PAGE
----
Local officials deem private property underutilized or “blighted,” declare it “in need of redevelopment” and transfer it to a “redeveloper” who promises to build an upscale project in its place.
Sound like an abuse of eminent domain? Fortunately, that’s how the New Jersey Supreme Court saw it three years ago, when in the case of Gallenthin v. Borough of Paulsboro it ruled such a seizure unconstitutional. Since then, courts have prevented many a municipality from using similar standards for declaring properties “blighted” and seizing them for “redevelopment.” [Disclosure: Our firm represented Gallenthin in that landmark case.]
Unfortunately, many property owners are still at the mercy of local governments thanks to a somewhat obscure legal maneuver known as “inverse condemnation.” And that means the campaign against abuse of eminent domain — which began in 2004 after the U.S. Supreme Court upheld the City of New London’s taking of a private home to make way for an office complex that was never built — must continue.
In New Jersey, inverse condemnation plays out this way. A property has been declared blighted but, post-Gallenthin, the local municipality doesn’t try to take it over because it knows the court will block any such attempt. Nor does it officially condemn the property, which would require it to pay the owner for purchase. But because the property is declared blighted, there is also little to no hope of sale to any other purchaser. No condemnation, no way to sell — which amounts over time to a de facto “taking,” since ultimately the only way out of this limbo is for the city to seize the property eventually.
More than 40 years ago the state Supreme Court described it this way: “There can be no doubt that a declaration of blight adversely affects the market value of property. This is unfortunate because in many instances the taking does not occur for a number of years. In the meantime, the owner can only wait for that ultimate taking; there is no market otherwise open to him for the sale of the property. In fairness, it is not enough to assure the owner that at some time, perhaps years hence, he will receive the market value of his land. Meanwhile, he and his family may well be imprisoned economically in a blighted area for many years.”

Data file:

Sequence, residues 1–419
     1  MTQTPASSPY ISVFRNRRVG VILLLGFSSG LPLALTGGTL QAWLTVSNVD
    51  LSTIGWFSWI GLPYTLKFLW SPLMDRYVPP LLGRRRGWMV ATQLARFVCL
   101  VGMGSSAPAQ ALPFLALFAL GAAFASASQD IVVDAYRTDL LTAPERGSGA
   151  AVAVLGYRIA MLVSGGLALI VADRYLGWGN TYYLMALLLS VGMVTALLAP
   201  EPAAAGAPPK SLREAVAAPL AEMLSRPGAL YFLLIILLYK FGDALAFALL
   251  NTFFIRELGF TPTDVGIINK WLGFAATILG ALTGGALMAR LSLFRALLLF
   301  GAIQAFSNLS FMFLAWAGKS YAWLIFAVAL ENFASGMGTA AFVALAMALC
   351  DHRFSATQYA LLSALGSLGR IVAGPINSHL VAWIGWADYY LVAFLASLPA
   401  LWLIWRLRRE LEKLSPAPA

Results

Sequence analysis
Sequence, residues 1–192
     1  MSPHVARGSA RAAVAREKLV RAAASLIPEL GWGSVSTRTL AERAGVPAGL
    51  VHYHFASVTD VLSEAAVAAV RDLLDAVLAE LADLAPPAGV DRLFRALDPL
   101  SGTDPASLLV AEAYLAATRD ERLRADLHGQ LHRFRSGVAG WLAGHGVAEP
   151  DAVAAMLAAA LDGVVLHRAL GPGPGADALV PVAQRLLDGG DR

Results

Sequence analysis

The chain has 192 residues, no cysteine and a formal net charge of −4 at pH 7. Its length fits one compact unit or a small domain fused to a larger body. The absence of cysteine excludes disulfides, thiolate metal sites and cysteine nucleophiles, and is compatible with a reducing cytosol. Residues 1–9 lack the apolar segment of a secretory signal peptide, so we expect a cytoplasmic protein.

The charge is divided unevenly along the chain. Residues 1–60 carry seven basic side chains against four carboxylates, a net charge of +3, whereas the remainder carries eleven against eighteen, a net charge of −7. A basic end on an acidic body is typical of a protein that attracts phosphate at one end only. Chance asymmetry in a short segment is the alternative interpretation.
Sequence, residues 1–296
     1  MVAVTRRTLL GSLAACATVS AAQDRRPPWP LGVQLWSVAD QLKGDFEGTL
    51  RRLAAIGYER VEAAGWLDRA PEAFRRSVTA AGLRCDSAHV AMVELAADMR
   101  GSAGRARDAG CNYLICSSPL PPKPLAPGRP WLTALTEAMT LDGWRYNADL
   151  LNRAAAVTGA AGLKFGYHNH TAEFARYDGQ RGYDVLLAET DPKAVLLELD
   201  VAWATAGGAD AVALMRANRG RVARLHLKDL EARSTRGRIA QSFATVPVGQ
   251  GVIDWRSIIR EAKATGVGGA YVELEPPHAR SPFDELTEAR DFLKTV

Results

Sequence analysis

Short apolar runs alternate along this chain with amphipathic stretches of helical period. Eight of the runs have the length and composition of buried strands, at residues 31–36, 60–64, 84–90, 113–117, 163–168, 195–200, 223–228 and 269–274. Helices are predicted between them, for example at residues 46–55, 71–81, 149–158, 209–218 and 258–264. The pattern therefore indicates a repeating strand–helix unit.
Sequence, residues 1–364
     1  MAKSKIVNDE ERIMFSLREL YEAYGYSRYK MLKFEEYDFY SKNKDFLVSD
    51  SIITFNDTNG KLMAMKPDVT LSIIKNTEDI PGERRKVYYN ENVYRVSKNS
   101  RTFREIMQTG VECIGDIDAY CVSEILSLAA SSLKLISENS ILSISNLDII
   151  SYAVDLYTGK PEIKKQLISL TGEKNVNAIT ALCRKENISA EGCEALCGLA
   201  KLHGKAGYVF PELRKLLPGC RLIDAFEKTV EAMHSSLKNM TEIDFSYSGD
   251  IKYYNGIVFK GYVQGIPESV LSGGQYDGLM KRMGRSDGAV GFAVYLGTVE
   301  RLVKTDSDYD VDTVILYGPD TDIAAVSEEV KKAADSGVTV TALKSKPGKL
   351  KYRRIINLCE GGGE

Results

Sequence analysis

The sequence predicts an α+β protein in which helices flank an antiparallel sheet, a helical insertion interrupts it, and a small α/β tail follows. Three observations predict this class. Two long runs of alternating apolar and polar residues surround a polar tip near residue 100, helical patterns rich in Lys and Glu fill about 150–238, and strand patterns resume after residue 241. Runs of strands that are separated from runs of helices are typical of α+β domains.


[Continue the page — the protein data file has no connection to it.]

Think of what it would mean if your home or business was “imprisoned economically in a blighted area” for several years with no hope of sale or condemnation. I heard tales of such “imprisonment” at business conference last summer where I spoke on eminent domain.
The owner of a printing company told me he couldn’t get financing to expand his business to take on new orders. Why? He’s been in a blighted area for 15 years and no bank will touch blighted property.
A waterfront owner said he couldn’t build on his valuable land or sell to a developer because it was slated for condemnation that had not occurred for more than a decade.
Another business owner (a client of ours) has been in a blighted area since 1996, but the city has proclaimed it will never use eminent domain. And in the most heartbreaking case, a woman’s family needed to sell their beachfront home to pay for a medical operation but couldn’t do so because it was in a “blighted” zone dating to the mid 1990’s.
So what’s to be done? An eminent domain reform bill that died in the last legislative session had an automatic “sunset date” on blighted areas of five years. That’s still a long time to be “imprisoned economically,” but at least it would have promised eventual relief.
It’s time to remount efforts for such reform. It’s the only way to help trapped owners who now must either endure the “imprisonment” or turn again to the courts, the last bulwark against this continuing abuse of government power.